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Bellringer. What type of thematic map is this? What is the title of this map? What is the median age of PA? Name one state that is similar to PA and one state that is different What can this map help us to determine?. Agenda. BR Review Population. Your turn. Partners

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bellringer
Bellringer
  • What type of thematic map is this?
  • What is the title of this map?
  • What is the median age of PA? Name one state that is similar to PA and one state that is different
  • What can this map help us to determine?
agenda
Agenda
  • BR
  • Review
  • Population
your turn
Your turn
  • Partners
  • 2 columns- read chapter 4 pages 70-74
main idea

Main Idea:

Population growth varies from country to country and is influenced by cultural ideas, migration, and levels of development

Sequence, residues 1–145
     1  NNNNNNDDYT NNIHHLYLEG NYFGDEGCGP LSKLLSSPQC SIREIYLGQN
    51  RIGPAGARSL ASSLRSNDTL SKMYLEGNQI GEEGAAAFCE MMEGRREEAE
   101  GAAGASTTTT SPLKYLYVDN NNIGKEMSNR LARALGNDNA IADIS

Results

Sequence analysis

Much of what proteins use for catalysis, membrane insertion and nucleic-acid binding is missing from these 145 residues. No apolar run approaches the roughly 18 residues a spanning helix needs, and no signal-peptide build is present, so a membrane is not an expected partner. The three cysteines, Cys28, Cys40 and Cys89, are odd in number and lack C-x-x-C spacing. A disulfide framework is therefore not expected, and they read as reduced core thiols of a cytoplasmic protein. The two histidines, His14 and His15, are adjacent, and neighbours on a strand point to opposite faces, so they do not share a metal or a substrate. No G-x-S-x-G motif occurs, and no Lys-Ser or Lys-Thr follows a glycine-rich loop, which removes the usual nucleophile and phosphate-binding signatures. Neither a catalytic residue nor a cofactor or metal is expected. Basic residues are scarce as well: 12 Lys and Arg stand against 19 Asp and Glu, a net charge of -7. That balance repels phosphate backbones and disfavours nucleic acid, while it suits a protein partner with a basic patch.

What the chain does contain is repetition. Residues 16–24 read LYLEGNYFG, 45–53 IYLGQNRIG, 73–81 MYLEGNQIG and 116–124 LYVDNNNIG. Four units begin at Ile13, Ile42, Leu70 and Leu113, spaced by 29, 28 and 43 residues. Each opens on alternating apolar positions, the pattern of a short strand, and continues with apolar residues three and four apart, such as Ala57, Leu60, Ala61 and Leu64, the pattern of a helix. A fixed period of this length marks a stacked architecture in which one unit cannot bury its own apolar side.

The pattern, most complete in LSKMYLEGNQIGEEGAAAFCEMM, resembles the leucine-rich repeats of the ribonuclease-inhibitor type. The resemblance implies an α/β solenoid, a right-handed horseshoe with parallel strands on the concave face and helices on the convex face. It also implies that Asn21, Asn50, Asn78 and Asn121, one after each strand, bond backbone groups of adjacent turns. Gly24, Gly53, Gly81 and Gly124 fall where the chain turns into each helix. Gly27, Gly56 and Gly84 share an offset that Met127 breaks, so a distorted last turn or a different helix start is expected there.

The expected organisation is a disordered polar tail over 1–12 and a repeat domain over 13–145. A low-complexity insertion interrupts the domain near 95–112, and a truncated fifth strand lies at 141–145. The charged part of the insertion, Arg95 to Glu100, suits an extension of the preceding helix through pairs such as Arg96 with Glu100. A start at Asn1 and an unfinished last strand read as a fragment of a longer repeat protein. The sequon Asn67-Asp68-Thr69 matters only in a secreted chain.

the numbers
The Numbers
  • What is population?
  • Collection of people living in a given geographic area
  • Demography: study of populations through statistics
  • 1000-1800- slow increase in pop
  • 1800-1950- HUGE increase- pop doubled
  • Today: 6.5 billion
  • 2050:
population growth

Population Growth

Terms and Trends

demographic transition
Demographic Transition
  • Birthrate: number of births/year/1000
  • Death rate: number of deaths/year/1000
birth rates
Birth Rates

Crude Birth Rate - Number of live births per year per thousand people in the populations

Total Fertility Rate - Number of children a woman will have in her lifetime

Infant Mortality Rate - the number of infants who are born alive, but die before one year of age

birth rate
Birth rate
  • List two countries with the highest birth rates
  • List 2 countries with the lowest birth rates
  • What could affect this?
bellringer1
Bellringer
  • Get out your homework (rest of the Population notes)